Canon released some new additions to the IXUS line, which are extremely slim and feature HD video recording as one of their most attractive selling points. The company also unveiled the premium PowerShot G9 X Mark II, which is a slightly updated version of the G9 X but with a few under-the-hood enhancements. It now has improved autofocus tracking, built-in image stabilization, and the new DIGIC VII image processor, which enables RAW burst shooting at eight frames per second.
Nikon and Fujifilm, meanwhile, focused on creating cameras for families and adventure seekers. Nikon released the CoolPix W100, an advanced digital camera with 1080p video recording, larger buttons for kid-friendly operation, and a highly durable body that is waterproof, shockproof, and freezeproof.
Fujifilm also has something similar in the FINEPIX XP120—an ultra-rugged compact camera that is dustproof, waterproof, freezeproof, and shockproof. It also features a 16.4MP back-illuminated CMOS sensor for better low-light shooting.
4. 4K Video Recording And Improved Image Stabilization
4K video recording is nothing new in the advanced digital camera world, but up until recently, only high-end mirrorless cameras and a few DSLRs offered it. This year, however, one of the most realistic camera trends you can expect to see is the proliferation of cameras with UHD video capability. Prominent brands will likely start offering more advanced digital camera options (even those on the lower-end of the spectrum) to feature 4K video recording, along with in-camera image stabilization to avoid shaky footage.
The cameras that were announced at this year’s CES had little to no noteworthy innovations to speak of, but the most interesting of the bunch was the much-awaited Panasonic Lumix DC-GH5, which features ultra-HD 4K video capture, 5-axis image stabilization, and 6K Photo Mode for capturing high-quality stills from video clips.
Another favorite was the pocket-friendly Panasonic Lumix GX850. It is a mirrorless camera that can fit in the palm of your hand but offers 4K video recording, a sophisticated autofocus system, and a large LCD screen with hands-free shutter-release functions.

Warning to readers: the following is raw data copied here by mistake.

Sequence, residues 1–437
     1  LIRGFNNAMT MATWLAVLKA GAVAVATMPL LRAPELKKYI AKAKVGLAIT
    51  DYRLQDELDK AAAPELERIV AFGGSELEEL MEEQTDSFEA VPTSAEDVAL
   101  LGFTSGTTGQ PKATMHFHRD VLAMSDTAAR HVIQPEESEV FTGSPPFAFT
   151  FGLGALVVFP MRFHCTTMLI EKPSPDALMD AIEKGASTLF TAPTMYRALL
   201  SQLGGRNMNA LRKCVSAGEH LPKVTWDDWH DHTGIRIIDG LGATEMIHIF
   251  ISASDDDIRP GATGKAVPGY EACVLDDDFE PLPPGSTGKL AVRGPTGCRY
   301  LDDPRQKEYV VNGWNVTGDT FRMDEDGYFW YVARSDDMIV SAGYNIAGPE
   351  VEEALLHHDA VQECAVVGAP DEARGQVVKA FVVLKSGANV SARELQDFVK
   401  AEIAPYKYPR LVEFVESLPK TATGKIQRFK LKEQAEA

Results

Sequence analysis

5. After-Capture Focus Selection
A few years back, a highly innovative and advanced digital camera emerged on the market that offered the most interesting feature—it allowed you to adjust your focus after you’ve shot your picture. For photographers who are constantly struggling with capturing the right focus, this feature is highly useful.
Unfortunately, the camera, which was called Lytro, has since been discontinued. But its legacy remains intact thanks to Panasonic.
In 2015, Panasonic announced a new feature called “Post Focus” that they were incorporating in some of their digital cameras. Similar to the focusing feature in the Lytro camera, Post Focus allows users to adjust the focus point of an image even after they’ve pressed the shutter button. The way it works is similar to exposure bracketing. It shoots a burst of images with different parts of the image in focus, stacks them together, then allows you to choose which part of the image you want to be in focus simply by touching that particular part of the image on your camera’s LCD screen.
Panasonic continues to include this focus stacking feature in its latest advanced digital camera products, and many experts predict that other camera makers will soon follow suit.